University Press Week 2012
There are Thousands of Reasons to Celebrate
“…If we are to have a life of the mind, we need carriers of this life.
University presses perform that essential function.” —Jay Parini
May 30, 2012 (New York, NY) — In the summer of 1978 President Jimmy Carter proclaimed a University Press Week "in recognition of the impact, both here and abroad, of American university presses on culture and scholarship." That influence continues today, as does the increasing vitality of university press publishing programs, the many ways and means by which works are now produced and distributed, and the urgent need for articulate discourse in times pervaded by sound bites.
Taking place November 11-17, 2012, University Press Week highlights the extraordinary work of university presses and their many contributions to culture, the academy, and an informed society. University Press Week promises special events and readings at universities and in communities across the country, as well as online galleries of selected titles and other features.
The breadth of university press activities may surprise you. Consider these facts, gathered by the Association of American University Presses (AAUP), which this year celebrates its 75th anniversary:
- AAUP member presses produce more than 12,000 works per year, in both print and digital form.
- The AAUP membership alone comprises 133 scholarly presses, found in places ranging from Abilene to Toronto, from Kalamazoo to Hong Kong. While almost every major research university has a scholarly press, so too do many smaller institutions, and the collective range of topics covered is fascinating: everything from Christian thought to the geophysics of fracking, from forensic psychiatry to pre-Columbian history, and from poetry to the economics of food.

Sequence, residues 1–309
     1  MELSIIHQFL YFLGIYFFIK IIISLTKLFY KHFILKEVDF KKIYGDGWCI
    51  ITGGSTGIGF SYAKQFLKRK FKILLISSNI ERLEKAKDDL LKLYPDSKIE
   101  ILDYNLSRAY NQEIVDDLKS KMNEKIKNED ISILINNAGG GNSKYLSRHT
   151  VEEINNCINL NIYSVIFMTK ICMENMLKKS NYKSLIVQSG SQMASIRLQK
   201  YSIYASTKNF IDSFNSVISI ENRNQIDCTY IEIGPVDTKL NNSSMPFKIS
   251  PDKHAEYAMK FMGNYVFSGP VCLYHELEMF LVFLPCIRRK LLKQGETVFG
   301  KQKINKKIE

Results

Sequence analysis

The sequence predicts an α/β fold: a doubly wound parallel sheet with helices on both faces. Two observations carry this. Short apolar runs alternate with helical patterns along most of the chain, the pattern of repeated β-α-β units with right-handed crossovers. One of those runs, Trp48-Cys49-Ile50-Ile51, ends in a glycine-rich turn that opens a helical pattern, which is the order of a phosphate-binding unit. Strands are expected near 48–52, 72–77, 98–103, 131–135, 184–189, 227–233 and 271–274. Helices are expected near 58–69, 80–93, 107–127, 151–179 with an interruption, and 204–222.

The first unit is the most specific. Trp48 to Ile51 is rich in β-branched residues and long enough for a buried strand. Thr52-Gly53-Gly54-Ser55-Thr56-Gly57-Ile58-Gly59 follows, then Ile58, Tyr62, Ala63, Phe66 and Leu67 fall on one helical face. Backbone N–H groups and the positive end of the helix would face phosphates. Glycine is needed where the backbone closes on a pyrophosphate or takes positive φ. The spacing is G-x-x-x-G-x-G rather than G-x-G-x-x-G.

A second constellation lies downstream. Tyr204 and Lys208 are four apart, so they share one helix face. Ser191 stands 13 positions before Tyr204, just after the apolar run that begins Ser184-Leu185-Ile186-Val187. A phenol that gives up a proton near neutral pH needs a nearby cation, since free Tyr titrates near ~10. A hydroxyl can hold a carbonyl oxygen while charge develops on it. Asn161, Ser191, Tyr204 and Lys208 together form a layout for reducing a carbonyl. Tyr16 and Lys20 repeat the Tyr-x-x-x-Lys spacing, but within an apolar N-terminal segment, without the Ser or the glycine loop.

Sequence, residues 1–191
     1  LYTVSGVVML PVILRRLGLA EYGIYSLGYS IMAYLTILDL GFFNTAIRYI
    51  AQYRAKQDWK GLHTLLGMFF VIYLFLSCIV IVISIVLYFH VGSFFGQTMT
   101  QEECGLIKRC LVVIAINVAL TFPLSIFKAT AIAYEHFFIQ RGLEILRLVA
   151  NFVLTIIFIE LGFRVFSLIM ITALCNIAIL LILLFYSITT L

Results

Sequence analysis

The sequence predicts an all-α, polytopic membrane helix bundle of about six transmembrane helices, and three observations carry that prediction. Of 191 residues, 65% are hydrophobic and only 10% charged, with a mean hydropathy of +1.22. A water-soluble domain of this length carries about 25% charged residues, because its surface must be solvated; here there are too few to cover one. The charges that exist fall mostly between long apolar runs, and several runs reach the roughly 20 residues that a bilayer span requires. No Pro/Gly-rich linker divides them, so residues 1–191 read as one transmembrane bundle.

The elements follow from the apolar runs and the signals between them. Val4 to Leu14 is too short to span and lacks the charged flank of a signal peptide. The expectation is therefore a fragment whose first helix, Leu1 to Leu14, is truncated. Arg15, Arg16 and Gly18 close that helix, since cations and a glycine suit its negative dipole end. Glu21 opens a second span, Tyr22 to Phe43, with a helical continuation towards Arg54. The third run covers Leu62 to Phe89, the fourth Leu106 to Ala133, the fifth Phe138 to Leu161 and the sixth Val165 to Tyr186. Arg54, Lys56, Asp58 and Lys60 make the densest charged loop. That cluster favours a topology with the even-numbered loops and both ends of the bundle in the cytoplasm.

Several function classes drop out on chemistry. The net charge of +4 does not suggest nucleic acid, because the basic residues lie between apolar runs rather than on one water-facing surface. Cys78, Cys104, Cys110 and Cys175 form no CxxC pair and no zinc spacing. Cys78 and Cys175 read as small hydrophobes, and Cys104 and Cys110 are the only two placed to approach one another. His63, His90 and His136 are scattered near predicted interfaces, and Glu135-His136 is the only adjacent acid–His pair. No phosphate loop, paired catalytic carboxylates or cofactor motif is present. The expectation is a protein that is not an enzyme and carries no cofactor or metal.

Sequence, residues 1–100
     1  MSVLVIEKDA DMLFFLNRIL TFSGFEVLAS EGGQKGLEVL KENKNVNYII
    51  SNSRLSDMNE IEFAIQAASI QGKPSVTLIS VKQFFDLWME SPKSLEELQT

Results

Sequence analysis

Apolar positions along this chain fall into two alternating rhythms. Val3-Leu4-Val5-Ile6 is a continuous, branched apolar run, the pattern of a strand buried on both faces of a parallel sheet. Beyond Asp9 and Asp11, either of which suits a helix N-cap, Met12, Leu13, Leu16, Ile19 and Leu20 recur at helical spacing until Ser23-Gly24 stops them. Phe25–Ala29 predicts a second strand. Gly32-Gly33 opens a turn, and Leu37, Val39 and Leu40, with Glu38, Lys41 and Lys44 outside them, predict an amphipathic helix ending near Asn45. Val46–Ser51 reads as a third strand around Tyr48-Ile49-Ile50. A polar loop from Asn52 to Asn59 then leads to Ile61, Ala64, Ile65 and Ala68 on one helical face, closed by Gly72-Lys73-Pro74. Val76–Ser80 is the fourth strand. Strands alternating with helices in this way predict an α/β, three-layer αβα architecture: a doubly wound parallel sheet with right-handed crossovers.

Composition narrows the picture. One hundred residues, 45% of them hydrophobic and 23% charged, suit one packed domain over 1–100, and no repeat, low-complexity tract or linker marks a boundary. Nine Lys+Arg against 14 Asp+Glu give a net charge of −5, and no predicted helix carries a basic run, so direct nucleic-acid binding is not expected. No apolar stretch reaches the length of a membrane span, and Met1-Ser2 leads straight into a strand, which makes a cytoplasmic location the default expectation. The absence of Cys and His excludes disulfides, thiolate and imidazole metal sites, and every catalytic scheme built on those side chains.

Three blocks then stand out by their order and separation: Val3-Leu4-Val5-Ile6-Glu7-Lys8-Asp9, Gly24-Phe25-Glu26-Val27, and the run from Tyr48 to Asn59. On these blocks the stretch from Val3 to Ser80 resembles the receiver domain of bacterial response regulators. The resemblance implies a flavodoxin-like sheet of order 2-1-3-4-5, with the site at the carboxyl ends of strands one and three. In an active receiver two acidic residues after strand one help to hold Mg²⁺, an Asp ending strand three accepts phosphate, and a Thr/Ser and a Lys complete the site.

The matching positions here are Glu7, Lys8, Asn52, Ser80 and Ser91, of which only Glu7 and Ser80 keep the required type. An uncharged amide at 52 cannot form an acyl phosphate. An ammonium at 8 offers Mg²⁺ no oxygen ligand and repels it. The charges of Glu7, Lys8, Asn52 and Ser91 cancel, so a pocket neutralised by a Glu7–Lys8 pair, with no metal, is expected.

- University presses collaborate with each other, and with other institutions, in interesting and intrepid ways. Check out Project Euclid, a ground-breaking collaboration in mathematics; or the Archaeology of the Americas Digital Monograph Initiative, a joint project of six university presses; or explore the past (and present) through the Publishing the Long Civil Rights Movement project.
- Following the September 11th attacks, AAUP established its "Books for Understanding" program in recognition that scholarly presses publish knowledge that often cannot be found anywhere else. Now featuring a list of 85 need-to-know topics—and growing apace—the books represented provide deeply researched information on issues and events of international import. Whether the topic is North Korea or water rights in the Southwest, a university press book has the answers, and the questions, you are looking for.
AAUP is dedicated to the support of creative and effective scholarly communications through the cooperative programs and information resources provided to its member publishers.
University Press Week offers much to celebrate and much to follow, and we'd like you to join us. For more information about UP Week events, please visit www.universitypressweek.org.